Builders complain about inspector


Several members of the community spoke during the March county commissioners’ meeting about concerns they have with the county’s building inspector, Brett Nash.

Commissioner Becky Golden started the discussion when she told the other 11 commissioners present she had several people, including people not in her district, contact her.

“They’ve had some complaints and some concerns about his handling of things as well as his attitude,” she told the board.

Golden also said the complaints had to do with asking him to show them what they were doing wrong, and his response was always that he didn’t have time for that.

“I’ve had people tell me that they’re not going to build in White County because of that fact,” Golden said.

When the chairman of the commission, Kyle Goff, opened the floor for citizens’ comments, more information about the situation came to light.

Todd Hutchings, a local builder, told the board Nash was changing the rules as he goes.

“I’ve never had anyone change codes,” Hutchings, who said he builds in several counties, said, adding that Nash was telling different builders different things and having them do things differently at each build site. “He told us he had the authority to change any code that he felt like.”

“I have complained to the county executive office several times, and I have gotten too many excuses,” Hutchings continued, saying that if something is wrong at one of his sites, he would be happy to fix it and noted he’s not above making a mistake. “It’s either you follow the codes or you don’t. But, pulling things out of the air – it’s for the birds.”

Tracy Fowler, a White County resident who writes electrical permits, said she is also getting complaints.

“If they have natural gas, Brett Nash is making them get permits for the gas line inspections,” she said.

Fowler said Nash had even gone so far as to tell Middle Tennessee Natural Gas to not turn the gas on at a home unless he had placed an inspection sticker on the meter.

“Per the state, he cannot do that,” Fowler said. “That is completely illegal.”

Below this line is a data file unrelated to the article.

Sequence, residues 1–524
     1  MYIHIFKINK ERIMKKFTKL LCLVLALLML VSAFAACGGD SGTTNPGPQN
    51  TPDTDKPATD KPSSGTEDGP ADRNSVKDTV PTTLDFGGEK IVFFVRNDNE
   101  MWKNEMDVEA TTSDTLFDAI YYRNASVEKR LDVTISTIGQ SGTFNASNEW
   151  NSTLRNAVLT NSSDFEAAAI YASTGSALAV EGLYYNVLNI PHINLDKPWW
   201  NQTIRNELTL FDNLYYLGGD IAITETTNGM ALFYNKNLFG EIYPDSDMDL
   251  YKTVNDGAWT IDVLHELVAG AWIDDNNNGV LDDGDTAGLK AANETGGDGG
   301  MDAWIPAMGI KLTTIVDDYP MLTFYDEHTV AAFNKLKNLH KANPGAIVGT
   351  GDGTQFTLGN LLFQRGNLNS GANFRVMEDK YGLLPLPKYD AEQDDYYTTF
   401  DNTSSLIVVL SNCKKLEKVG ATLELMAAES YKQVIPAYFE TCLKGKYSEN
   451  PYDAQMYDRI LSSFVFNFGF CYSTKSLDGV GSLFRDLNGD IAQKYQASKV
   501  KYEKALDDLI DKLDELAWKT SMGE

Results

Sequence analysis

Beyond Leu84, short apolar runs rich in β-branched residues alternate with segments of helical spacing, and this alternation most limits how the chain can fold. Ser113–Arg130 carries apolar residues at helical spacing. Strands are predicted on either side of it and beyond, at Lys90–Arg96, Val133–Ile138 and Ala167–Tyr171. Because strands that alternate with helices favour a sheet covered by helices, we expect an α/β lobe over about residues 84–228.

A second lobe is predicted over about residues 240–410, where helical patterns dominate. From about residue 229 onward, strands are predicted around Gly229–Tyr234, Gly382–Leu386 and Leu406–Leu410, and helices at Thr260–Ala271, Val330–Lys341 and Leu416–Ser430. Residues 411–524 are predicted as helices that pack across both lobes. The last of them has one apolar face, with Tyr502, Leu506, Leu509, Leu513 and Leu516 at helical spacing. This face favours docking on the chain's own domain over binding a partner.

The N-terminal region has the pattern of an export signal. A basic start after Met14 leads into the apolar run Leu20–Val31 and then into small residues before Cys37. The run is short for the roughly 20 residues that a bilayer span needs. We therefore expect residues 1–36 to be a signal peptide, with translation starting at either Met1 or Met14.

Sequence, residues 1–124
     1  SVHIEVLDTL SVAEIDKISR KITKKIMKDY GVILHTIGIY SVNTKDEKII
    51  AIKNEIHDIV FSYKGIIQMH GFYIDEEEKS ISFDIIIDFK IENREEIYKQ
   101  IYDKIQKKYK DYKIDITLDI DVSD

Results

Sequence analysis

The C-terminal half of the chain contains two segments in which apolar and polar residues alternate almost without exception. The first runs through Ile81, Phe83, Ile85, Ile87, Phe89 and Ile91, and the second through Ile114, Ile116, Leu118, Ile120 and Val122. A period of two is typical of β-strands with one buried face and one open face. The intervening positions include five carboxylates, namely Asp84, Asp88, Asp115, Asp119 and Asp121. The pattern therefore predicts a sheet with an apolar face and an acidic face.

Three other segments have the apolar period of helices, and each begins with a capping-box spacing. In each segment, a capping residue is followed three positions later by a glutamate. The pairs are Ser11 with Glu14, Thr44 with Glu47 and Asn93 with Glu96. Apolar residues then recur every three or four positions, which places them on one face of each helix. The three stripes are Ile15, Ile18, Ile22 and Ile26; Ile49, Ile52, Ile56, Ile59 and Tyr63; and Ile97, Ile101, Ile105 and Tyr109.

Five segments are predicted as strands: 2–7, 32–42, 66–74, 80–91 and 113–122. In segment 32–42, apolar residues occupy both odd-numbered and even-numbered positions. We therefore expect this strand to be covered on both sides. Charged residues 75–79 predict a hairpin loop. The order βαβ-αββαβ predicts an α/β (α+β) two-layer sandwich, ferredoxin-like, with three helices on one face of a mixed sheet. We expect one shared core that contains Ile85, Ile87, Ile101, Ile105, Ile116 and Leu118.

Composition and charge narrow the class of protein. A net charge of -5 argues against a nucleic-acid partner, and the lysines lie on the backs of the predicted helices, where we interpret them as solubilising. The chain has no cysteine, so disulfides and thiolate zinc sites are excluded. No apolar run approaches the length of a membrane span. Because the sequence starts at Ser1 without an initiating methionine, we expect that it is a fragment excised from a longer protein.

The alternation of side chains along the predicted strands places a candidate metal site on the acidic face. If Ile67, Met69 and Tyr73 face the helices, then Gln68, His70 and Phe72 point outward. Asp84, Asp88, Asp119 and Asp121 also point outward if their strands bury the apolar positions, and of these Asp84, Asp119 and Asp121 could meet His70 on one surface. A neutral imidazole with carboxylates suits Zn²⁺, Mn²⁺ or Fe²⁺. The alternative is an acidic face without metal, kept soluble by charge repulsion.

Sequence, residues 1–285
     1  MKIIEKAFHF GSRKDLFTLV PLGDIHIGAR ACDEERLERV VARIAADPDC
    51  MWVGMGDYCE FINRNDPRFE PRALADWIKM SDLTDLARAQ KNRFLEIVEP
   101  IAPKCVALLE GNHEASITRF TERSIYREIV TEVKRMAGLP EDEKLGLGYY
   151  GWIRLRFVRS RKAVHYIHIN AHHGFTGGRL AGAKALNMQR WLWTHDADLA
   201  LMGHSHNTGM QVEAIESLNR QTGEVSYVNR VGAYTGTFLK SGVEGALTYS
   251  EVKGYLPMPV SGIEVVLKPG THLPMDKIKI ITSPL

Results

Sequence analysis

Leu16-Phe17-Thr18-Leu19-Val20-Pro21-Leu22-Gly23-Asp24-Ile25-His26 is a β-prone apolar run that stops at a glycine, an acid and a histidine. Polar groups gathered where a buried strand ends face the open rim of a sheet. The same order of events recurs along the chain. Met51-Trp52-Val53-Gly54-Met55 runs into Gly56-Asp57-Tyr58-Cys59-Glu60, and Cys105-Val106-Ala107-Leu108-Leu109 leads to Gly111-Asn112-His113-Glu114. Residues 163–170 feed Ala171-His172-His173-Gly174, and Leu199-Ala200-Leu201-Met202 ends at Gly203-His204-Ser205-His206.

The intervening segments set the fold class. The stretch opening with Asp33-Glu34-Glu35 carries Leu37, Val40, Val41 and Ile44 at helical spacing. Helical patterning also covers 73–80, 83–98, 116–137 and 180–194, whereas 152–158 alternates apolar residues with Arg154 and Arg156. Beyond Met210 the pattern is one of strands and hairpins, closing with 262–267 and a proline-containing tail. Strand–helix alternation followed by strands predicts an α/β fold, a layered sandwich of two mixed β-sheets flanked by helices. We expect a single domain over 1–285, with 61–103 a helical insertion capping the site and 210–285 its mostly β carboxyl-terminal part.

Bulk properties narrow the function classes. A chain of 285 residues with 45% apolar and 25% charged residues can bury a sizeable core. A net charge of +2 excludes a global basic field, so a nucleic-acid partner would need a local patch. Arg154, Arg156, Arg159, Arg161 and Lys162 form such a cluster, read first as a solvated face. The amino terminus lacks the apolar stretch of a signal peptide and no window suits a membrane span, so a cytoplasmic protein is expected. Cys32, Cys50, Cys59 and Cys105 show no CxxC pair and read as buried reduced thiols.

Fowler went on to say that from Feb.1, 2023, when White County took over the building inspections from the state, until Dec. 31, 2023, 37 of the 236 building permits issued were for garages. She said some of those were for barns, and, according to the state of Tennessee, some of those were unnecessary.

“The state of Tennessee plainly states that agriculture is exempt from building permits,” she said. “It doesn’t matter if it has a garage door. Agriculture is agriculture.”

Flower explained that detached garages also do not require building permits unless they contain a heated space, but Nash was requiring permits anyway.

“He is making up his own rules as goes,” Fowler said. “I have talked to Denny Wayne [Robinson, county executive] about this, and I have talked to other commissioners about this, and nobody seems to be doing anything. I feel like White County owes some people their money back. He is illegally making people buy permits that didn’t have to.”

Brice Murphy also spoke to the commissioners, saying the problem has escalated to the point that he plans to just build in Putnam County now.

“It feels like he’s operating unilaterally and making decisions on the fly,” Murphy said. “It discourages me from building houses in White County.”

Murphy cited an instance where he was having difficulty getting through a final inspection on a home in White County. He said Nash told him he was too busy to help him, but the Putnam County inspector spent 30 minutes on the phone walking him through each step.

Goff, who also said he had been receiving calls with complaints concerning the building inspector, requested the county executive ask Nash to attend the April 1, 2024, Steering Committee B meeting. That meeting, which is open to the public, will be held at 5 p.m. and will take place in the third-floor courtroom at the White County Courthouse.                  


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